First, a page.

After enduring several weeks of Utah fusion bashing, state officials believe momentum in the controversy over what really is happening in University of Utah test tubes is about to change.
The Electrochemical Society is about to meet in Los Angeles, and delegates are expected to be more optimistic about the U. solid-state fusion experiments than were scientists at the American Physical Society convention in Baltimore, who last week attributed the U.'s dramatic results to amateurish mistakes.Bud Scruggs, chief of staff to Gov. Norm Bangerter, has said all along the state's image will remain intact no matter what finally happens to solid-state fusion. He is among the most optimistic about next week's meetings.
"I believe momentum will shift on Monday when a batch of more objective scientists look at this," he said Friday. "These people will make their judgments based more on the experiments than on the fear of losing research grants."
Meanwhile Friday, two groups of scientists conducting independent experiments at the University of Michigan said they have found no evidence to confirm the U. experiment. Officials at Duke University, unable to duplicate the U.'s results, also announced they are abandoning attempts to achieve fusion in a flask.
And researchers at North Carolina State University said they've temporarily suspended their experiment following a small explosion they maintain was a chemical, not nuclear, reaction.
In Salt Lake City, the governor's office still was fuming Friday over a last-minute White House cancellation of a meeting with a university delegation. Bangerter said the move was shabby treatment unworthy of a president's office, and Scruggs said it was another example of Eastern rudeness.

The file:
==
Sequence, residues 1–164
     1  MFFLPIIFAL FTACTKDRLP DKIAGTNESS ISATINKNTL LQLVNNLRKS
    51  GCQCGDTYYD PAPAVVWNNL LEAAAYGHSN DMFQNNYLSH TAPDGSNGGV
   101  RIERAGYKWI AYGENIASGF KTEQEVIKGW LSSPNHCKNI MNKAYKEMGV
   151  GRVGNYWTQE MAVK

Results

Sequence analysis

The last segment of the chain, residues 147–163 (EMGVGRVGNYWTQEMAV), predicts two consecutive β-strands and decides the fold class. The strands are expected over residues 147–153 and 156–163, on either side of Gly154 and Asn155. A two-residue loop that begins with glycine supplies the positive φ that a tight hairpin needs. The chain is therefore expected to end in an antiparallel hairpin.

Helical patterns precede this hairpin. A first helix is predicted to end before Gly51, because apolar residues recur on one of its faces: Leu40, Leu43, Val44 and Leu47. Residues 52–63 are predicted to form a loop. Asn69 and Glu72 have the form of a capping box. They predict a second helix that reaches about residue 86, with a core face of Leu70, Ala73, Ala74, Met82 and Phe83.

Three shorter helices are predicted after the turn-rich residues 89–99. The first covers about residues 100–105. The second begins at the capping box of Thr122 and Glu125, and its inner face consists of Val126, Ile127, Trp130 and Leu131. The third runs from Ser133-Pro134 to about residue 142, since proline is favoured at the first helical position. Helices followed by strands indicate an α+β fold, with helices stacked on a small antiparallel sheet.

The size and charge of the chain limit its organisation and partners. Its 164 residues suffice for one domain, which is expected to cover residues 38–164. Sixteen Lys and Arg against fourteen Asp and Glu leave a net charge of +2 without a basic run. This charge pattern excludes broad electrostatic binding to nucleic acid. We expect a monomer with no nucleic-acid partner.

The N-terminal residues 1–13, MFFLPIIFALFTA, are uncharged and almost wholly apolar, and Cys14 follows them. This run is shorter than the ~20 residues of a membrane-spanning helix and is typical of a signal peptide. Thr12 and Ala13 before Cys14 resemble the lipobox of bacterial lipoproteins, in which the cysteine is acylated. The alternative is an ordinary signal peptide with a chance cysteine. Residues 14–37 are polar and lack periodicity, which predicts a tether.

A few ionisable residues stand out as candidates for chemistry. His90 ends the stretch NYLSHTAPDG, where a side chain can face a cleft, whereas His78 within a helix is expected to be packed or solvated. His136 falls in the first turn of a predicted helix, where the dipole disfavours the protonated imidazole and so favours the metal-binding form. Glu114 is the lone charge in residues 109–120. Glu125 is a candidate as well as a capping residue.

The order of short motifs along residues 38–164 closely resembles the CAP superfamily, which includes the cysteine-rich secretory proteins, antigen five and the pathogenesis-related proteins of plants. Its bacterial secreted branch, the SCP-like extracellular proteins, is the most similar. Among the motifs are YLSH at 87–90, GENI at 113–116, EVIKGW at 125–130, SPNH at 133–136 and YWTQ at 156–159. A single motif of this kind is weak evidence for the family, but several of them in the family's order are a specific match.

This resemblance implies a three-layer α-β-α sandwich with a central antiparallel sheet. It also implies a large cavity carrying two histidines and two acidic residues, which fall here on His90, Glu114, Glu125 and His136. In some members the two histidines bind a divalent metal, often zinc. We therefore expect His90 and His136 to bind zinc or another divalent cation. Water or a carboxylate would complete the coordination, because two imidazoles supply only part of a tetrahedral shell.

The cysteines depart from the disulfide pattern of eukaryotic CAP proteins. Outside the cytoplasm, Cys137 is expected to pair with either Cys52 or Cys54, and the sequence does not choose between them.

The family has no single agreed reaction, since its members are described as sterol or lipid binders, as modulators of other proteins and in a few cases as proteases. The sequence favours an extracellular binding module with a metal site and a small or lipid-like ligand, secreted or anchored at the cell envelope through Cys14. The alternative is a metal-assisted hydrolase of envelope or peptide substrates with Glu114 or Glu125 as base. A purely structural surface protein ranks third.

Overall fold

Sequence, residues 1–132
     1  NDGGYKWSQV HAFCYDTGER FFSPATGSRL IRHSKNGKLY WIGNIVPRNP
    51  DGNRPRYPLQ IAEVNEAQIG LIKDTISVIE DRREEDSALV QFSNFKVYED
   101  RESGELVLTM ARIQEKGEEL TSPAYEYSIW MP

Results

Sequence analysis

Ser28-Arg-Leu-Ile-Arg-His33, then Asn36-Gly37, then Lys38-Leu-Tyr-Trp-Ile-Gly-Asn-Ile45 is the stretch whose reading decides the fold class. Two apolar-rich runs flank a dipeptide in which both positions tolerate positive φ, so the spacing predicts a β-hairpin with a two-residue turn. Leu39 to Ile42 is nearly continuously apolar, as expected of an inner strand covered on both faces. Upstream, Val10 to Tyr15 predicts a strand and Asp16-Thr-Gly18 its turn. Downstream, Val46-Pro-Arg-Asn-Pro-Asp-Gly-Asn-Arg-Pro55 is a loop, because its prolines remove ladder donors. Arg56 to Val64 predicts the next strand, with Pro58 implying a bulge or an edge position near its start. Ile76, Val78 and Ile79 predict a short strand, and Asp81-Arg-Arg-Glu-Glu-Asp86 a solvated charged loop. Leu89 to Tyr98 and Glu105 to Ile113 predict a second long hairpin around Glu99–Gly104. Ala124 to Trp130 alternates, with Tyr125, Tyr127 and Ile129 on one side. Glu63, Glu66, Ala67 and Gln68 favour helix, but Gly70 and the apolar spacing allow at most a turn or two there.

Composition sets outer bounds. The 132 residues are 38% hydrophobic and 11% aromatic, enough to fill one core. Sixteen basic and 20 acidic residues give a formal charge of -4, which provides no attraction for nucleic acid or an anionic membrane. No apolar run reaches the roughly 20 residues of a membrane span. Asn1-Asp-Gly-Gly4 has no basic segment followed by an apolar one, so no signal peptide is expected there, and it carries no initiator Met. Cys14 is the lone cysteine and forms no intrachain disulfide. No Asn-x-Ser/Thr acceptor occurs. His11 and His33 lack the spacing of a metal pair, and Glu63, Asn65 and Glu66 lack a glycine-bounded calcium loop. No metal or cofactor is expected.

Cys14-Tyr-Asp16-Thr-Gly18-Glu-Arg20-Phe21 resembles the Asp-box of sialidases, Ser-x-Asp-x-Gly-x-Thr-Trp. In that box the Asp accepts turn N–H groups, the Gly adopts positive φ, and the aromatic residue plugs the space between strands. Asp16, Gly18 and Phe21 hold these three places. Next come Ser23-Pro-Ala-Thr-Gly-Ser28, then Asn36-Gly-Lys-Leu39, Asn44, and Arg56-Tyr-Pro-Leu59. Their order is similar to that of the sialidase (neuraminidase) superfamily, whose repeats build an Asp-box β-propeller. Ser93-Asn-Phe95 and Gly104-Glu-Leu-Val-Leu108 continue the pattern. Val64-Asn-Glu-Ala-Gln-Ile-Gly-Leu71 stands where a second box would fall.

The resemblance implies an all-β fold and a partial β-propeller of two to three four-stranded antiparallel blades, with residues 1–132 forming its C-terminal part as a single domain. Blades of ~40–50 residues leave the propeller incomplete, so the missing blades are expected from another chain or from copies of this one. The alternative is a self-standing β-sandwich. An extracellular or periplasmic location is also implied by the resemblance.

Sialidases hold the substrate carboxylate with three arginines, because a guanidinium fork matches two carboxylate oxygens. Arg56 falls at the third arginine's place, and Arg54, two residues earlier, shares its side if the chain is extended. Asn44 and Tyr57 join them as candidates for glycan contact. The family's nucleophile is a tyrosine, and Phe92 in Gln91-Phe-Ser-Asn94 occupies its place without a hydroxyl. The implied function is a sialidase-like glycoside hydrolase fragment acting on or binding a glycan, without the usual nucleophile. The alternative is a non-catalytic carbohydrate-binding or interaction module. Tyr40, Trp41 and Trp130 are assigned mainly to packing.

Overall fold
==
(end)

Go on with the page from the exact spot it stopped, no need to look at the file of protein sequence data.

But chilling criticisms by Eastern physicists, newspaper and magazine editors and some politicians haven't dampened local enthusiasm for fusion researchers B. Stanley Pons and Martin Fleischmann - and their revolutionary research.
A contingency of state officials will travel to Los Angeles Monday to support the electrochemists.
Representing the U. will be Hugo Rossi, dean of the U. College of Science and newly appointed director of the U.'s solid-state fusion research effort.
Rossi, who is overseeing the expansion and scaling up of the U. experiment, hopes confirmation on Monday will satisfy the state Fusion/Energy Advisory Council.
The council, charged with allocating $5 million in state money for fusion development, is also sending representatives to Los Angeles.
Council chairman Ray Hixon and state science adviser Randy Moon are also expected to attend the convention.
Hixon, like other officials, including Bangerter, Sen. Orrin Hatch, R-Utah, and Rep. Wayne Owens, D-Utah, believes the criticism is unjustified.
"Academics don't take this sort of thing very easily. They react by protecting their own turf and own research," Hixon said. "I believe MIT and some of the others in the East are reacting the way they are because they see Congress being pressured to set up a fusion research center at the University of Utah. I'm not dismayed. I expected it."
The council will meet May 19 to establish criteria for determining whether the experiment has been confirmed.
James Brophy, the university's vice president for research, said Pons and Fleischmann will present some new data and at least six labs are expected to at least partially confirmed the Utah results at the convention.